Bone marrow concentrate therapy improves short-term outcomes in patients with symptomatic hip osteoarthritis

February 10, 2020


Purpose: We recently showed that the transcriptional co-factor Yesassociated protein (Yap) is a key modulator of function in mesenchymal stromal/stem cells (MSCs), and is upregulated in the hyperplastic synovium of mice in response to cartilage injury and of patients with intra-articular fracture or OA. We also demonstrated that ablation of Yap in Gdf5-lineage cells, which include fibroblast-like synoviocytes in the adult synovial lining, was sufficient to prevent synovial lining
hyperplasia in an articular cartilage injury mouse model in vivo. The aims of this study were to investigate the in vitro effects of Yap depletion and to develop RNA interference (RNAi) systems to achieve Yap silencing in synovial MSCs, with the ultimate goal of intra-articular therapeutic delivery.

Methods: To investigate the in vitro effects of Yap knockout (KO) on proliferation, synovial MSCs were isolated from the knee joints of Yapfl/fl mice additionally carrying a Cre-inducible TdTomato (Tom) fluorescent reporter (Yapfl/fl;Tom mice), or Tom-only mice as controls, and transduced with Cre-encoding lentivirus. The percentage of Tom-positive cells was analysed by flow cytometry and Yap expression levels were determined by quantitative RT-PCR (qPCR). For cell proliferation studies, the percentage of cells incorporating EdU into newly synthetized DNA was quantified by flow cytometry. Two Yap knockdown RNAi strategies, based on the use of 20 -O methylated DsiRNA/chitosan nanoparticles or Gapmers, were used. DsiRNA/chitosan nanoparticles, made at different ratios, were transfected in mouse and human synovial MSCs. Cytotoxicity and Yap expression were assessed by Alamar Blue assay and qPCR, respectively. Cellular internalisation of Cy5-labeled DsiRNA/chitosan nanoparticles was analysed by confocal microscopy.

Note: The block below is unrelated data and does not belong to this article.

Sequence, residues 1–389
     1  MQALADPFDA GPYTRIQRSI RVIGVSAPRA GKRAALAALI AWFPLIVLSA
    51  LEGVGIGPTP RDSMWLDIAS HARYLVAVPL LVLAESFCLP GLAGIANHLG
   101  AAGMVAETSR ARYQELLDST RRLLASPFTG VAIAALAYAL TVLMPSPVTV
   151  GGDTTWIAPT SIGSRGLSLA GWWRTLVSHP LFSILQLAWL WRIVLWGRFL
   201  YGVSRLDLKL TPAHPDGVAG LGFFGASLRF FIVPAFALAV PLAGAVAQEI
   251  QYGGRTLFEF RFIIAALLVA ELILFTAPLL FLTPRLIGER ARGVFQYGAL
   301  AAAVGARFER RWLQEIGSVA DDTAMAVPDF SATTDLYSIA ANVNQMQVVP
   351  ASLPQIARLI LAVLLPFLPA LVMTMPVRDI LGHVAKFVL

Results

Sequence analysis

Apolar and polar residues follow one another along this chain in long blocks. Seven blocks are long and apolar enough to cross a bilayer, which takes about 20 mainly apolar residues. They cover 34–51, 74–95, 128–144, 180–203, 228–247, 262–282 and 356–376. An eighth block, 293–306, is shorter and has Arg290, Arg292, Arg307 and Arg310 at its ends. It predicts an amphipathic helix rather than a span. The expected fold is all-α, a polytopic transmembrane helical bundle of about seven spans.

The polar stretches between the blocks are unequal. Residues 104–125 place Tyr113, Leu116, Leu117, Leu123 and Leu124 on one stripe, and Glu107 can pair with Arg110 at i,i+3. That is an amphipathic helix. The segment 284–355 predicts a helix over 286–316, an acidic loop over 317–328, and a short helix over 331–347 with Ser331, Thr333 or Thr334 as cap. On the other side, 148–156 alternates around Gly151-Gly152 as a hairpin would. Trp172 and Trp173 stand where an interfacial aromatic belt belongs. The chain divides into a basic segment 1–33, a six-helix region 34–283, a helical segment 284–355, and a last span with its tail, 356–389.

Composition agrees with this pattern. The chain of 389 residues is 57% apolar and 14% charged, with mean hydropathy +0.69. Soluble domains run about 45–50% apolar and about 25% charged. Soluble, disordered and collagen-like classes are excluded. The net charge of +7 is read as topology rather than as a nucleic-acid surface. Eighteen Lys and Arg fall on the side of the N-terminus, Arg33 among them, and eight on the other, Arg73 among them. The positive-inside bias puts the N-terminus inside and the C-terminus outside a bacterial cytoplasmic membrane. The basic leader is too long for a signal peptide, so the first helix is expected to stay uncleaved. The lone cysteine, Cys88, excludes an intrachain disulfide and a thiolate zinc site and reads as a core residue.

Gapmers were transfected at different concentrations and incubation times either naked or in combination with Lipofectamine or TransITTKO in mouse primary synovial MSCs. Yap mRNA silencing and cellular uptake of Cy5-labeled Gapmers were assessed by qPCR and confocal
microscopy, respectively.

Results: An in vitro Yap knockout system was generated transducing Yapfl/fl;Tom synovial MSCs with a lentivirus-Cre, leading to Tom expression in 88 ± 7% of cells, and Yap mRNA reduction of 93 ± 4% compared with the untransduced control. Accordingly, there was a reduced EdU incorporation in Cre-transduced Yapfl/fl; Tom cells compared to untransduced control and Cre-transduced Tom cells. For the development of Yap RNAi strategies, synovial MSCs were transfected with DsiRNA/chitosan nanoparticles, showing no cytotoxic effects and leading to a 55 ± 6% and 74 ± 11% decrease in Yap mRNA levels in mouse and human synovial MSCs, respectively. Internalisation of Cy5-labeled
DsiRNA/chitosan nanoparticles into cells was confirmed. In parallel, of the three Yap Gapmer sequences designed, two resulted in Yap mRNA decreases of 77 ± 2% and 86 ± 8% when transfected with Lipofectamine or TransIT-TKO, respectively. The efficiency of naked transfection of
Gapmers was investigated and, despite the confirmation of cellular internalisation of Cy5-labeled Gapmers, Yap mRNA reduction was not achieved in any of the tested conditions.

Conclusions: These findings support Yap as a potential therapeutic target for pathological synovial hyperplasia. For Yap targeting, chitosan/ DsiRNA nanoparticles proved to be a safe and effective RNAi system in primary synovial MSCs in vitro. A further screening of new Gapmer formulations would be required. However, Gapmers could be used in combination with biocompatible delivery methods used for siRNA, such us chitosan nanoparticles.